The last commit removed the last use of the bundle2 part seek() API
in the generic bundle2 part iteration code. This means we can now
switch to using unseekable bundle2 parts by default and have the
special consumers that actually need the behavior request it.
This commit changes unbundle20.iterparts() to expose non-seekable
unbundlepart instances by default. If seekable parts are needed,
callers can pass "seekable=True." The bundlerepo class needs
seekable parts, so it does this.
The interrupt handler is also changed to use a regular unbundlepart.
So, by default, all consumers except bundlerepo will see unseekable
Because the behavior of the iterparts() benchmark changed, we add
a variation to test seekable parts vs unseekable parts. And because
parts no longer have seek() unless "seekable=True," we update the
"part seek" benchmark.
Speaking of benchmarks, this change has the following impact to
hg perfbundleread on an uncompressed bundle of the Firefox repo
! wall 0.722709 comb 0.720000 user 0.150000 sys 0.570000 (best of 14)
! wall 0.602208 comb 0.590000 user 0.080000 sys 0.510000 (best of 17)
! wall 0.554018 comb 0.560000 user 0.050000 sys 0.510000 (best of 18)
! wall 0.520086 comb 0.530000 user 0.020000 sys 0.510000 (best of 20)
! bundle2 forwardchunks()
! wall 2.996329 comb 3.000000 user 2.300000 sys 0.700000 (best of 4)
! bundle2 iterparts()
! wall 8.070791 comb 8.060000 user 7.180000 sys 0.880000 (best of 3)
! wall 6.983756 comb 6.980000 user 6.220000 sys 0.760000 (best of 3)
! bundle2 iterparts() seekable
! wall 8.132131 comb 8.110000 user 7.160000 sys 0.950000 (best of 3)
! bundle2 part seek()
! wall 10.370142 comb 10.350000 user 7.430000 sys 2.920000 (best of 3)
! wall 10.860942 comb 10.840000 user 7.790000 sys 3.050000 (best of 3)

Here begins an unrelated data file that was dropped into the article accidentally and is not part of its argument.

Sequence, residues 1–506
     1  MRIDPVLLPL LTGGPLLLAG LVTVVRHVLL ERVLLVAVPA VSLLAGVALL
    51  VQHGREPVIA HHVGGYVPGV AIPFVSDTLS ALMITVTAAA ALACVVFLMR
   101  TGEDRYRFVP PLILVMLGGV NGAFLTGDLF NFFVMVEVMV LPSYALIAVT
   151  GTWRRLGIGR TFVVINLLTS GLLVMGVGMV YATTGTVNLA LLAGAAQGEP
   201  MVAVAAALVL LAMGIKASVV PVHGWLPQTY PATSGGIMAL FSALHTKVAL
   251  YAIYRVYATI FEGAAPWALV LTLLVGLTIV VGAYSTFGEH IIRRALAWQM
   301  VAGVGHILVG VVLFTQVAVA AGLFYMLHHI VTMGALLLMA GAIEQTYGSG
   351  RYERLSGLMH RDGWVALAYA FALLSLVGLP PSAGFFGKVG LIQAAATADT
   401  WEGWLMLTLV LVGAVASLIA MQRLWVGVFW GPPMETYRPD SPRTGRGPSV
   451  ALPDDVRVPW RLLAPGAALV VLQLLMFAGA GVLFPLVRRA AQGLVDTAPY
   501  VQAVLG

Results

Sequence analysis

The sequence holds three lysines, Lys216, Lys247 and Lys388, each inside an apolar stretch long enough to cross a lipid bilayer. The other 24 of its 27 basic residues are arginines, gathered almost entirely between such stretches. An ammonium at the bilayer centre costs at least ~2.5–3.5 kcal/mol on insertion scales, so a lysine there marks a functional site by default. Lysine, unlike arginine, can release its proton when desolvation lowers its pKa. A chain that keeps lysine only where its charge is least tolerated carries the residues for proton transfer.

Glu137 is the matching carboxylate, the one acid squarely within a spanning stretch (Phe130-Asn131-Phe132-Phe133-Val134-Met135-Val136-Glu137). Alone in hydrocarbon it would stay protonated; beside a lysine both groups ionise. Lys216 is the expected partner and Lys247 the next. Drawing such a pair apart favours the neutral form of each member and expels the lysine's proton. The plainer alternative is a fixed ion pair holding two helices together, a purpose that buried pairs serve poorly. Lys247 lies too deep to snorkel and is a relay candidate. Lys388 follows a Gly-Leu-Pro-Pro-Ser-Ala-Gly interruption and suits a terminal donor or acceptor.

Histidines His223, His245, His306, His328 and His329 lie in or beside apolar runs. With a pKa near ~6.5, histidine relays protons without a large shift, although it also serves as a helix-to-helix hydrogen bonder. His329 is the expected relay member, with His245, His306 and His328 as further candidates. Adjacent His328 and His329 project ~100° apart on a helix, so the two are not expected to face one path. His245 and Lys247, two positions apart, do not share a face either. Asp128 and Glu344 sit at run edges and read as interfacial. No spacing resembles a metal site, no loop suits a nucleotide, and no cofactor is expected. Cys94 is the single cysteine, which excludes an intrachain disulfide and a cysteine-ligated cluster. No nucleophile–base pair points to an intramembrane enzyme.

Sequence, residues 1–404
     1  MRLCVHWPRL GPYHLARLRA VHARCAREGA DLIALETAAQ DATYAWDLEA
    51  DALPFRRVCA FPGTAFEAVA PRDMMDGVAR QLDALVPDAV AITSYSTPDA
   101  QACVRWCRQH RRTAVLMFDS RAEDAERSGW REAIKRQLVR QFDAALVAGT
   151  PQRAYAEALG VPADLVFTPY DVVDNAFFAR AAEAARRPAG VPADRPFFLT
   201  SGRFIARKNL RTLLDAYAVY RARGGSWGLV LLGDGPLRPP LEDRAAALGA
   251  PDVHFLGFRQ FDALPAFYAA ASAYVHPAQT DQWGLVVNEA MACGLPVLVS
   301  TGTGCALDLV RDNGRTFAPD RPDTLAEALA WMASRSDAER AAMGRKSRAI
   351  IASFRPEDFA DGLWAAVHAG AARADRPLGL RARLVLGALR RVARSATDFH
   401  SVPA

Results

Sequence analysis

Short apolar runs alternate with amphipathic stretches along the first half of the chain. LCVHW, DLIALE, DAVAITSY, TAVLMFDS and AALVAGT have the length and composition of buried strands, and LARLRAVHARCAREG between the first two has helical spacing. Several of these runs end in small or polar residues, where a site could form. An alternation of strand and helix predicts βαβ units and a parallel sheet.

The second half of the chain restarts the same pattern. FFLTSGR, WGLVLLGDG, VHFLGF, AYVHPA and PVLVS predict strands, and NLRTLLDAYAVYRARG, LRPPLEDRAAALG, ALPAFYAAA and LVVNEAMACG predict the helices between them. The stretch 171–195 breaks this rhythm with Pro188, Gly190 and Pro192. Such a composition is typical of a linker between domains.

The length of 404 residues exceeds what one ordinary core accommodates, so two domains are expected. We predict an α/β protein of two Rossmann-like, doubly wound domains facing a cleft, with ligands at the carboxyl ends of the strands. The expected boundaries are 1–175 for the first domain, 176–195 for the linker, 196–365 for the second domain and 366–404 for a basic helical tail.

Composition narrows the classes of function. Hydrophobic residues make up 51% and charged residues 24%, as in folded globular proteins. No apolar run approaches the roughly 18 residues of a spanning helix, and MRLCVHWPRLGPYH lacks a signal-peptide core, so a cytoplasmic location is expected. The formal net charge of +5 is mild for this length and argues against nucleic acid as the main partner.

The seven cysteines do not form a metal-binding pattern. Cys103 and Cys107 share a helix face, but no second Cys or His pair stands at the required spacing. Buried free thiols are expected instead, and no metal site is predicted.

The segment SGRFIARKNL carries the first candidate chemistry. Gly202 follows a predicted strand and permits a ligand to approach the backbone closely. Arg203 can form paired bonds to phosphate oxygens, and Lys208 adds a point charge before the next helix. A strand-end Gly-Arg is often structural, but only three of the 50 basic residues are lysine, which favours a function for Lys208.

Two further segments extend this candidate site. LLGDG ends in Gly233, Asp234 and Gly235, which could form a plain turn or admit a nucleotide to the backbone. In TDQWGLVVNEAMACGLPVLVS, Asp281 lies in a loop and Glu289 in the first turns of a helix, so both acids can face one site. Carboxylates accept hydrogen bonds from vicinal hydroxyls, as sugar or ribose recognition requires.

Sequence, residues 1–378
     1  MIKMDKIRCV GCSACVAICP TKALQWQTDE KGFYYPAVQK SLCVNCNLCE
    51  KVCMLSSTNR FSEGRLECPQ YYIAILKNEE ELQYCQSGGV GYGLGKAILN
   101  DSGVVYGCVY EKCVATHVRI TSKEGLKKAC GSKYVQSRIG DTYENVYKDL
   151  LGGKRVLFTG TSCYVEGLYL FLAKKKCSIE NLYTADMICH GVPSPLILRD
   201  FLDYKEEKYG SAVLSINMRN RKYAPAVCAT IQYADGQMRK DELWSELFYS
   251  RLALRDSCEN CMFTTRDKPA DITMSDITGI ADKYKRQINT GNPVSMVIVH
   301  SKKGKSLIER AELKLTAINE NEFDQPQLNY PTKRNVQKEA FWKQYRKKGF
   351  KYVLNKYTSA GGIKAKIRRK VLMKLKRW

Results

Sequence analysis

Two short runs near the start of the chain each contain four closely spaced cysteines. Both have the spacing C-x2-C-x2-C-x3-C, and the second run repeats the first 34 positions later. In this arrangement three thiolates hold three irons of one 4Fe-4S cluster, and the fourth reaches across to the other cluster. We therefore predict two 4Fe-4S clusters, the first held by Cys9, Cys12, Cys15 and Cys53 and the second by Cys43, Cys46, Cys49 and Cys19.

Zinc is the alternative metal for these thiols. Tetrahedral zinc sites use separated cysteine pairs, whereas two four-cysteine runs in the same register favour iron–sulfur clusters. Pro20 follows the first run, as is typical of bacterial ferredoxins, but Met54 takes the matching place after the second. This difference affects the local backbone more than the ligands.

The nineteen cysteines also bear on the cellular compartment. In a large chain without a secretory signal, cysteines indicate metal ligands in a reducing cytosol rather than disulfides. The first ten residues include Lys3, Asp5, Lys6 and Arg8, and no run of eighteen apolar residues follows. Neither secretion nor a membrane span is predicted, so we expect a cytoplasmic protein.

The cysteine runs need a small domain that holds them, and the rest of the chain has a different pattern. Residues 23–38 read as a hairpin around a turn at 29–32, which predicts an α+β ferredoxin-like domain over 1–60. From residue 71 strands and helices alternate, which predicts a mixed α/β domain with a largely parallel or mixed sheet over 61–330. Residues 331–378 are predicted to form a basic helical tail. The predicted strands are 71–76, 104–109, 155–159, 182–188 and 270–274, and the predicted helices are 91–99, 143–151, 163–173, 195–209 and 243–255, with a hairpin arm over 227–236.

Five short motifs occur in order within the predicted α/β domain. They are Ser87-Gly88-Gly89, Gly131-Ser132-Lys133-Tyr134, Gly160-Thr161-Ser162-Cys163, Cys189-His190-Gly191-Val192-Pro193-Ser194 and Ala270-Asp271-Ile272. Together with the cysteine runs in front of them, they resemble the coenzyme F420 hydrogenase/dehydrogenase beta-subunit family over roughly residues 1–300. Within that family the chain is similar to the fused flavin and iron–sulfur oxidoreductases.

! bundle2 part read(8k)
! wall 8.599892 comb 8.580000 user 7.720000 sys 0.860000 (best of 3)
! wall 7.258035 comb 7.260000 user 6.470000 sys 0.790000 (best of 3)
! bundle2 part read(16k)
! wall 8.265361 comb 8.250000 user 7.360000 sys 0.890000 (best of 3)
! wall 7.099891 comb 7.080000 user 6.310000 sys 0.770000 (best of 3)
! bundle2 part read(32k)
! wall 8.290308 comb 8.280000 user 7.330000 sys 0.950000 (best of 3)
! wall 6.964685 comb 6.950000 user 6.130000 sys 0.820000 (best of 3)
! bundle2 part read(128k)
! wall 8.204900 comb 8.150000 user 7.210000 sys 0.940000 (best of 3)
! wall 6.852867 comb 6.850000 user 6.060000 sys 0.790000 (best of 3)
The significant speedup is due to not incurring the overhead to track
payload offset data. Of course, this overhead is proportional to
bundle2 part size. So a multiple gigabyte changegroup part is on the
extreme side of the spectrum for real-world impact.
In addition to the CPU efficiency wins, not tracking offset data
also means not using memory to hold that data. Using a bundle based on
the example BSD repository in issue 5691, this change has a drastic
impact to memory usage during hg unbundle (hg clone would behave
similarly). Before, memory usage incrementally increased for the
duration of bundle processing. In other words, as we advanced through
the changegroup and bundle2 part, we kept allocating more memory to
hold offset data. After this change, we still increase memory during
changegroup application. But the rate of increase is significantly
slower. (A bulk of the remaining gradual increase appears to be the
storing of revlog sizes in the transaction object to facilitate
The RSS at the end of filelog application is as follows:
Before: ~752 MB
After: ~567 MB
So, we were storing ~185 MB of offset data that we never even used.
Talk about wasteful!
bundle2 parts are no longer seekable by default.
bundle2 read I/O throughput significantly increased.
Significant memory use reductions when reading from bundle2 bundles. On the BSD repository, peak RSS during changegroup application decreased by ~185 MB from ~752 MB to ~567 MB.